Saturday, February 4, 2012

Obama Fuzzy Math Brings Unemployment Rate to 8.3%


From the article, "The number of unemployed Americans dropped to 12.8 million, the lowest since January 2009, from 13.1 million in December. Still, the number of those who have been unemployed for 27 weeks or more -- a source of concern for the Fed -- was little changed at 5.52 million and accounted for almost 43 percent of the total." Read the last sentence. The number of workers unemployed for 27 weeks or more is around 5.52 million and that accounts for 43% of the total of the workforce. Obama is using fuzzy math to derive the unemployment rate. 8.3% unemployment rate is a joke. Taking those workers not looking for a job are not including in the equations. Let's not fool ourselves. The economy still sucks


(Bloomberg) The U.S. jobless rate unexpectedly fell in January to the lowest in three years as payrolls climbed more than forecast, casting doubt on the Federal Reserve’s plan to keep interest rates low until late 2014.
The unemployment rate dropped to 8.3 percent, the lowest since February 2009, Labor Department figures showed today in Washington. The 243,000 increase in jobs was the biggest in nine months and exceeded the most optimistic forecast in a Bloomberg News survey. Service industries grew by the most in a year, according to a separate report.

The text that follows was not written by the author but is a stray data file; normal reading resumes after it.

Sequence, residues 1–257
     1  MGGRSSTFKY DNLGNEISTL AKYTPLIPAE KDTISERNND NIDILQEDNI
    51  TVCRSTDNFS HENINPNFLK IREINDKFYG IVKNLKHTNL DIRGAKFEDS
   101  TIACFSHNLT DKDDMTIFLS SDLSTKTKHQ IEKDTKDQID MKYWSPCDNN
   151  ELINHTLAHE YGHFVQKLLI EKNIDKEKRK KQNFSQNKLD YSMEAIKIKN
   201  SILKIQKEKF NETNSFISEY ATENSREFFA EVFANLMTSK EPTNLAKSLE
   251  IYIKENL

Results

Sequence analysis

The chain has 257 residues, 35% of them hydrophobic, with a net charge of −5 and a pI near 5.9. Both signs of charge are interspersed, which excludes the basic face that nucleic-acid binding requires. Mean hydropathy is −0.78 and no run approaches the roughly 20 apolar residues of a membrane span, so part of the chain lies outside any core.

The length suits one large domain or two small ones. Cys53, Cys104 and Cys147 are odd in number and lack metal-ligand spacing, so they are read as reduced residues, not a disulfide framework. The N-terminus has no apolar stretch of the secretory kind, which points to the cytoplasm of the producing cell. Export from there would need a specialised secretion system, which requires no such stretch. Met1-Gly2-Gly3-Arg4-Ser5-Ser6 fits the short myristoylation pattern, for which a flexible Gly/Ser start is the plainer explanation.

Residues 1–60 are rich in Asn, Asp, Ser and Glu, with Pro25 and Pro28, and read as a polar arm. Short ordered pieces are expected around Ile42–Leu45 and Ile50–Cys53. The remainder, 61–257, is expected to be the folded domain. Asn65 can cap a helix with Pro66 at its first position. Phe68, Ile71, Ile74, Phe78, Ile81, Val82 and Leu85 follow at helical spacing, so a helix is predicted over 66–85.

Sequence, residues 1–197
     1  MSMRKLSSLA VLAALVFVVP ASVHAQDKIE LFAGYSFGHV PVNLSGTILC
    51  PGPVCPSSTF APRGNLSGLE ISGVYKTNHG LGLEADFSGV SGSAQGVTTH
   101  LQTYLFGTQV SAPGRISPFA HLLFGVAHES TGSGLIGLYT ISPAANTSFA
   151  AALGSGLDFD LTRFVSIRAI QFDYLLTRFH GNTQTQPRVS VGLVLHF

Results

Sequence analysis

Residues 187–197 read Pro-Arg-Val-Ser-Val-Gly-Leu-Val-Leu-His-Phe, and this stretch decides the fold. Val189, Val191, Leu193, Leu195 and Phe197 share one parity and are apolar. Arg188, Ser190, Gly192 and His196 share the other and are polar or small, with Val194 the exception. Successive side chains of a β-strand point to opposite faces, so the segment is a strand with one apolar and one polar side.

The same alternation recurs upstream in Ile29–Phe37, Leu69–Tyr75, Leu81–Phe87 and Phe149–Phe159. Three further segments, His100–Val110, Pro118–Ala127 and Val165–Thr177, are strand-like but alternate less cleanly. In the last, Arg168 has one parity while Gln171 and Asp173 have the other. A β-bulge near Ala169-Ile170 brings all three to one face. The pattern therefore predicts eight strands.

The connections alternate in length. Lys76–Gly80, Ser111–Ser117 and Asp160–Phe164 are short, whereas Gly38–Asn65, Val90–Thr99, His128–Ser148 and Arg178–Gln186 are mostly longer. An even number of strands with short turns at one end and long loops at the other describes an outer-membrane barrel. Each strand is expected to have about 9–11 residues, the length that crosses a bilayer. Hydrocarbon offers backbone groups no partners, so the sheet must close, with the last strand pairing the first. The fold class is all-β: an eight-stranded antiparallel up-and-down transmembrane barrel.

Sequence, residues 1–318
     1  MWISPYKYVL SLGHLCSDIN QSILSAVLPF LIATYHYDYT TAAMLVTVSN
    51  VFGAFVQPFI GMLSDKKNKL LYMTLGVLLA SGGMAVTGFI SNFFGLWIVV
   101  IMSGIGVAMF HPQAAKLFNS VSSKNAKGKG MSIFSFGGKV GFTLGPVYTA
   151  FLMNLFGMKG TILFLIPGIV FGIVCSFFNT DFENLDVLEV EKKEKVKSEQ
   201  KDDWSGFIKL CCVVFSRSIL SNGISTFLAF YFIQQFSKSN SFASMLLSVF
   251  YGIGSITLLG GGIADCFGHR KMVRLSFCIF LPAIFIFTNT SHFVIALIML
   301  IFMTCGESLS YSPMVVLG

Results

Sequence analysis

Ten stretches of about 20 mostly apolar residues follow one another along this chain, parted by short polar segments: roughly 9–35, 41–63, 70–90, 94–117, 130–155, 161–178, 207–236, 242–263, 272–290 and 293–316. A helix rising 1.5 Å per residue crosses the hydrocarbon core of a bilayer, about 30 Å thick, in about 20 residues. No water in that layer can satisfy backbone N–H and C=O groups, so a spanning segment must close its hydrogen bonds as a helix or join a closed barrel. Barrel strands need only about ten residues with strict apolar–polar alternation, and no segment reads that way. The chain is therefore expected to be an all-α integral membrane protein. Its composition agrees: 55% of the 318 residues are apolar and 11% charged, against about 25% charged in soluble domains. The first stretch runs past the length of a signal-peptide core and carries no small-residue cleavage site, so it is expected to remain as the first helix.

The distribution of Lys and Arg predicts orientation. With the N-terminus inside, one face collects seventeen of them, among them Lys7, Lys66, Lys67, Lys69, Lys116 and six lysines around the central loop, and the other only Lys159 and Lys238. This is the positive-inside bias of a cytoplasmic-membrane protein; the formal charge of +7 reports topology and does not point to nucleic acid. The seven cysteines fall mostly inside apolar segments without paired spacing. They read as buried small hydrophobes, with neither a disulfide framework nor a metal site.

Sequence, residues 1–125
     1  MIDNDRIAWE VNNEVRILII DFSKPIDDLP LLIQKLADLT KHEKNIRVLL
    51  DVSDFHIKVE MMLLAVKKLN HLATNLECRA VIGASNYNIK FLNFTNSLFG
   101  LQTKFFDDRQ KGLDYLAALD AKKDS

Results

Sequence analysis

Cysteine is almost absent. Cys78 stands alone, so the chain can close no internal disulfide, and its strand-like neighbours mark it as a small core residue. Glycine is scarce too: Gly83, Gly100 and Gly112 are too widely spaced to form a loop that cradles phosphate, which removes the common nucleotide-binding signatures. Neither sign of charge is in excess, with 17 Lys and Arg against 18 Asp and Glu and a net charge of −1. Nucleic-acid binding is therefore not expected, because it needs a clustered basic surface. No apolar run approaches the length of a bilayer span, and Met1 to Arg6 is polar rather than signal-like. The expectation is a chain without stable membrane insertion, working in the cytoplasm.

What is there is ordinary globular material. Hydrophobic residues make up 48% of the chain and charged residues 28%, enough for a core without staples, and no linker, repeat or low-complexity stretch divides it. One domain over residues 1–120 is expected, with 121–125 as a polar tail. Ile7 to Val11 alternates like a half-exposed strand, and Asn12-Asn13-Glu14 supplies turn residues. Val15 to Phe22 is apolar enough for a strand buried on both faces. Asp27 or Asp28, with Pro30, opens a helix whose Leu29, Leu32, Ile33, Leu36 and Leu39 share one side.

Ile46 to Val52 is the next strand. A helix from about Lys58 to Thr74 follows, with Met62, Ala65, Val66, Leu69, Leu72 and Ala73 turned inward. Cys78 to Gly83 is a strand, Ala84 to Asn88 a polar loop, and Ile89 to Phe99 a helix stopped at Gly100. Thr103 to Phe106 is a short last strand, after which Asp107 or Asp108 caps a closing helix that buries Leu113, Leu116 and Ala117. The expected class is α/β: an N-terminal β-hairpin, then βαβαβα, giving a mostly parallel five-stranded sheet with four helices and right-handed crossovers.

“We’ve reached an important threshold here,” said Chris Rupkey, chief financial economist at Bank of Tokyo-Mitsubishi UFJ Ltd. in New York. “The recovery is for real.”
Stocks and bond yields jumped on optimism the economy will weather the European debt crisis as an improving labor market fuels household spending. The data, which showed gains from factories to retailers, may boost President Barack Obama’s re- election bid and come a week after Fed Chairman Ben S. Bernanke said unemployment would be slow to decline.
The Standard & Poor’s 500 Index rose 1.5 percent to 1,344.90 at the close of trading in New York, extending the best start to a year since 1987. The index is up 6.9 percent in 2012. The yield on the benchmark 10-year Treasury note climbed to 1.92 percent from 1.82 percent late yesterday.